This directive prohibits U.S. financial institutions from (1) opening or maintaining a correspondent account or payable-through account for or on behalf of foreign financial institutions subject to Directive 2 or their property; and (2) processing transactions involving foreign financial institutions subject to Directive 2 or their property. This directive takes effect on March 26, 2022, and currently applies to Public Joint Stock Company Sberbank (“Sberbank”) and 25 of its subsidiaries. As reported in the Department of the Treasury press release, Sberbank is the largest financial institution in Russia and is majority-owned by the Russian government. It holds the largest market share of savings deposits in the country and is the main creditor of the Russian economy. Sberbank was earlier included on OFAC’s SSI List pursuant to Directive 1 under E.O. 13662, and as a result is also subject to certain restrictions on dealings in new debt or equity.
As a result of the Directive 2 determination, Sberbank and its identified affiliates have been added to OFAC’s List of Foreign Financial Institutions Subject to Correspondent Account or Payable-Through Account Sanctions (“CAPTA List”). The CAPTA List contains identifying information of foreign financial institutions for which the opening or maintaining of a correspondent account or a payable-through account in the U.S. is prohibited or subject to severe restrictions. As the “50%” rule applies, all foreign financial institutions owned 50% or more, directly or indirectly, by Sberbank are covered by Directive 2, even if not explicitly identified on the CAPTA List.
ii. Directive 3
This directive prohibits U.S. persons from engaging in all transactions or dealings involving new debt of longer than 14 days maturity or new equity of major Russian entities determined to be subject to the directive. The prohibitions are effective beginning on 12:01 a.m. eastern daylight time, March 26, 2022 for entities listed in Annex 1 to the directive, or their property or interests in property. For entities subsequently determined to be subject to the prohibitions of Directive 3, the prohibitions are effective 12:01 a.m. eastern time 30 days following such determination.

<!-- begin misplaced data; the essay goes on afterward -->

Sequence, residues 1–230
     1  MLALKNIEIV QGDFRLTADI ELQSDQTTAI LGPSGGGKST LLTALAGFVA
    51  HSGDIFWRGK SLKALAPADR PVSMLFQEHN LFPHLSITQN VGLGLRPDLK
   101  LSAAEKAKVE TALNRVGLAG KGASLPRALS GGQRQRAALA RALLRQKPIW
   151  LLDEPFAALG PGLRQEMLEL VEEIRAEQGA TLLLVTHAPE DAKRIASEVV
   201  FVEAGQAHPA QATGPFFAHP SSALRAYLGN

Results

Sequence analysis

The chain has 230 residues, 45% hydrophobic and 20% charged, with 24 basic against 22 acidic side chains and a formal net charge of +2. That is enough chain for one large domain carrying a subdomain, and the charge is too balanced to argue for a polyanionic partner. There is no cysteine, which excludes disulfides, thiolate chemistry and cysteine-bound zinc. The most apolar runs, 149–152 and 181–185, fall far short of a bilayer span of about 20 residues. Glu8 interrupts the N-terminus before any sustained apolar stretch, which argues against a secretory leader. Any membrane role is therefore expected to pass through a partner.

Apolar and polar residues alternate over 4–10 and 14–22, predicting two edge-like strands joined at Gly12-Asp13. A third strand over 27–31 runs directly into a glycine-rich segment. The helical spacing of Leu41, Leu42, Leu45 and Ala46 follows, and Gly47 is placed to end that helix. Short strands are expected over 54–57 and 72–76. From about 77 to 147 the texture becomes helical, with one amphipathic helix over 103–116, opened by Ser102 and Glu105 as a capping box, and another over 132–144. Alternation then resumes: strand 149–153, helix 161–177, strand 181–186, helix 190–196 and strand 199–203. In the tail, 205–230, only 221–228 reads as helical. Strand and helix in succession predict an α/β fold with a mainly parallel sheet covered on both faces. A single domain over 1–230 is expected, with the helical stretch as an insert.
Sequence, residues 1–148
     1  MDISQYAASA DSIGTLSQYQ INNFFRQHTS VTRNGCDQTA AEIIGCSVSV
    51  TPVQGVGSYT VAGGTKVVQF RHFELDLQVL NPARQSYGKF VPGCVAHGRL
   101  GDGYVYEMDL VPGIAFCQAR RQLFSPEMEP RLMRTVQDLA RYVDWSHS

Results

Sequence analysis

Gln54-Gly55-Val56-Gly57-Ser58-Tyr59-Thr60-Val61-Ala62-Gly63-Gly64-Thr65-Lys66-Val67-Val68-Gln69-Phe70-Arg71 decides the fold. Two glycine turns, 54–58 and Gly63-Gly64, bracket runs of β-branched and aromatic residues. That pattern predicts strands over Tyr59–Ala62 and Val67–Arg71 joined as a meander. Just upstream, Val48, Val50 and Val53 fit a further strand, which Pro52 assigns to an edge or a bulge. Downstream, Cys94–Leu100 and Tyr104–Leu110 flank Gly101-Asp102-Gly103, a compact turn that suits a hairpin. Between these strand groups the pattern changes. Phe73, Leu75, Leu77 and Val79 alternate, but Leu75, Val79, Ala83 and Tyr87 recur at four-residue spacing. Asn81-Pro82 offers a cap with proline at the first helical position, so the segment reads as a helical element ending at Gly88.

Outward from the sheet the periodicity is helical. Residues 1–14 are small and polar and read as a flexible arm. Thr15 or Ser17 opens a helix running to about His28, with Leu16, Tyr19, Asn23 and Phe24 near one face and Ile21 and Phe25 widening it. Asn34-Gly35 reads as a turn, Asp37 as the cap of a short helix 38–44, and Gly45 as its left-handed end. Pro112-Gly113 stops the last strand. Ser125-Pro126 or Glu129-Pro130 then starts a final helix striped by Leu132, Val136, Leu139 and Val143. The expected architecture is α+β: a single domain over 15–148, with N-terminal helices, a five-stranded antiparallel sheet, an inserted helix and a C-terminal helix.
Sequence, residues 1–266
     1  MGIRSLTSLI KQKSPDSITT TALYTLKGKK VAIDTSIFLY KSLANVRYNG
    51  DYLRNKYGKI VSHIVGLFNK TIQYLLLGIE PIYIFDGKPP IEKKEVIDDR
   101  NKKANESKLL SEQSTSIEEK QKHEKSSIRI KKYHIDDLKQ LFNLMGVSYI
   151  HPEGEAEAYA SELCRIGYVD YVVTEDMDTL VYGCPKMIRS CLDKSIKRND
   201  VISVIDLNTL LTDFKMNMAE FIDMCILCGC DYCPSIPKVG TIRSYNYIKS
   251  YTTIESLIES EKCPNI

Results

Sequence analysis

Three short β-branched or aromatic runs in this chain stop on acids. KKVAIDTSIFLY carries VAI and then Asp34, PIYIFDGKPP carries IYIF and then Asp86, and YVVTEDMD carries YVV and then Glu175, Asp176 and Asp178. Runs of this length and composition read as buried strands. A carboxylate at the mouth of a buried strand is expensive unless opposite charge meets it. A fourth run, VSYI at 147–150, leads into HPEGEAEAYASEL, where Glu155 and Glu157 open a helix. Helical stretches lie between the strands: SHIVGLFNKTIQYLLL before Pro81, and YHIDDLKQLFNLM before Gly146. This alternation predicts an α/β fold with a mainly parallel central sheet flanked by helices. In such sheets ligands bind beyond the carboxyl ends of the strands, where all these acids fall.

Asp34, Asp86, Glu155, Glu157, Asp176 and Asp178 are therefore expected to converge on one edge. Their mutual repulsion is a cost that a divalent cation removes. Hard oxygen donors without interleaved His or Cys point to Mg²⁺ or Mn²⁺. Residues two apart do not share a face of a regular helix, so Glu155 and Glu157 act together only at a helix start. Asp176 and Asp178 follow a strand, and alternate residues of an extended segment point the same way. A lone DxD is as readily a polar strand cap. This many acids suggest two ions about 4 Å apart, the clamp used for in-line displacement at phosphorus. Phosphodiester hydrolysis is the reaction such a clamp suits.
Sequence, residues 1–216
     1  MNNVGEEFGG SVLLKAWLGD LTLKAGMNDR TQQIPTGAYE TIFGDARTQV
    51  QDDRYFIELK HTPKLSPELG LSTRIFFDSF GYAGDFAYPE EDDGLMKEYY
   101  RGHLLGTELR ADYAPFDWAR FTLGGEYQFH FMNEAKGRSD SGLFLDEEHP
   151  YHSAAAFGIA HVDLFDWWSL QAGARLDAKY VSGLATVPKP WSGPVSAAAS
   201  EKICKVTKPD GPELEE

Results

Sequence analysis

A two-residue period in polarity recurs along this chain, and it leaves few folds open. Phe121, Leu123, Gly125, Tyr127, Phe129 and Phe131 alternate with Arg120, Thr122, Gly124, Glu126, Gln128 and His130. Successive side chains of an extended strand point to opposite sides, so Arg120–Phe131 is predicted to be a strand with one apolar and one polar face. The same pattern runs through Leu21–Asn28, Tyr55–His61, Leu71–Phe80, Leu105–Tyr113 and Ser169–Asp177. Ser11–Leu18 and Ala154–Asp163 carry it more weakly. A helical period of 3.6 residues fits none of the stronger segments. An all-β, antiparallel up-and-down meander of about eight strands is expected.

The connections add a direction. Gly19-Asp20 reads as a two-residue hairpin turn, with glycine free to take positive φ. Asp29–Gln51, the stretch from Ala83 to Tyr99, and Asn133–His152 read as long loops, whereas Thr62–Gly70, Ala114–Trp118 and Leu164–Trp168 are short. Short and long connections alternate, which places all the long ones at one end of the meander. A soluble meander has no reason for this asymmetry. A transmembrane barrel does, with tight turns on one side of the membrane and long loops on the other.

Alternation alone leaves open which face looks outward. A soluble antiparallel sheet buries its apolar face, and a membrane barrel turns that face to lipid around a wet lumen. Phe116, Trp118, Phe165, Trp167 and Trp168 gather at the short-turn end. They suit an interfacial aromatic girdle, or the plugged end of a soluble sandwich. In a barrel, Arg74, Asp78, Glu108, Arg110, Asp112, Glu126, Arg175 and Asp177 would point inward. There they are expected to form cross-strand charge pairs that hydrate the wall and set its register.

As of February 24, 2022, there are 13 Russian entities subject to Directive 3, which includes (1) major financial institutions such as Sberbank (also subject to Directive 2, as described above), Credit Bank of Moscow Public Joint Stock Company, and Joint Stock Company Alfa-Bank; (2) energy companies such as Public Joint Stock Company Gazprom, the world’s largest natural gas company, Public Joint Stock Company RusHydro, a hydroelectricity company and one of Russia’s largest power companies, and Public Joint Stock Company Transneft, which manages Russia’s network of petroleum-related pipelines; and (3) companies operating in the infrastructure sector, such as Public Joint Stock Company Rostelecom, Russia’s largest telecommunications company, Joint Stock Company Sovcomflot, Russia’s largest maritime and freight shipping company, and Open Joint Stock Company Russian Railways, one of the world’s largest railroad companies. Additionally, Directive 3 applies to Public Joint Stock Company Alrosa, the world’s largest diamond mining company, which is responsible for 90% of Russia’s diamond mining and 28% globally.
Given the continued escalation in Ukraine, we expect that additional entities will become subject to this directive in the future. Additionally, entities that are currently subject to a directive may be added to the SDN List in a future wave of sanctions—as was the case with VTB.
c. New General Licenses
OFAC also issued several general licenses on February 24, 2022 related to the sanctions on Russia (General License 5, General License 6, General License 7, General License 8, General License 9, General License 10, General License 11, and General License 12) and Belarus (General License 6 and General License 7) which allow a specific limited range of transactions that would otherwise be prohibited absent a specific license from OFAC. These licenses provide certain authorizations related to (1) international organizations and entities; (2) agricultural and medical commodities and the COVID-19 pandemic; (3) overflight and emergency landings; (4) energy; (5) dealings in certain debt or equity; (6) derivative contracts; (7) the wind-down of transactions involving certain blocked persons; and (8) the rejection of transactions involving certain blocked persons. OFAC also published new guidance in the form of Frequently Asked Questions (“FAQs”).
III. U.S. Responses to Russia’s Invasion of Ukraine: Export Controls
On February 24, 2022, the Bureau of Industry and Security (“BIS”) of the U.S. Department of Commerce amended the Export Administration Regulations (“EAR”) to impose new restrictions on exports to Russia. The main industries targeted are the Russian defense, aerospace, and maritime sectors. BIS intends that these restrictions will significantly impair those key industrial sectors. The main features of the new controls are: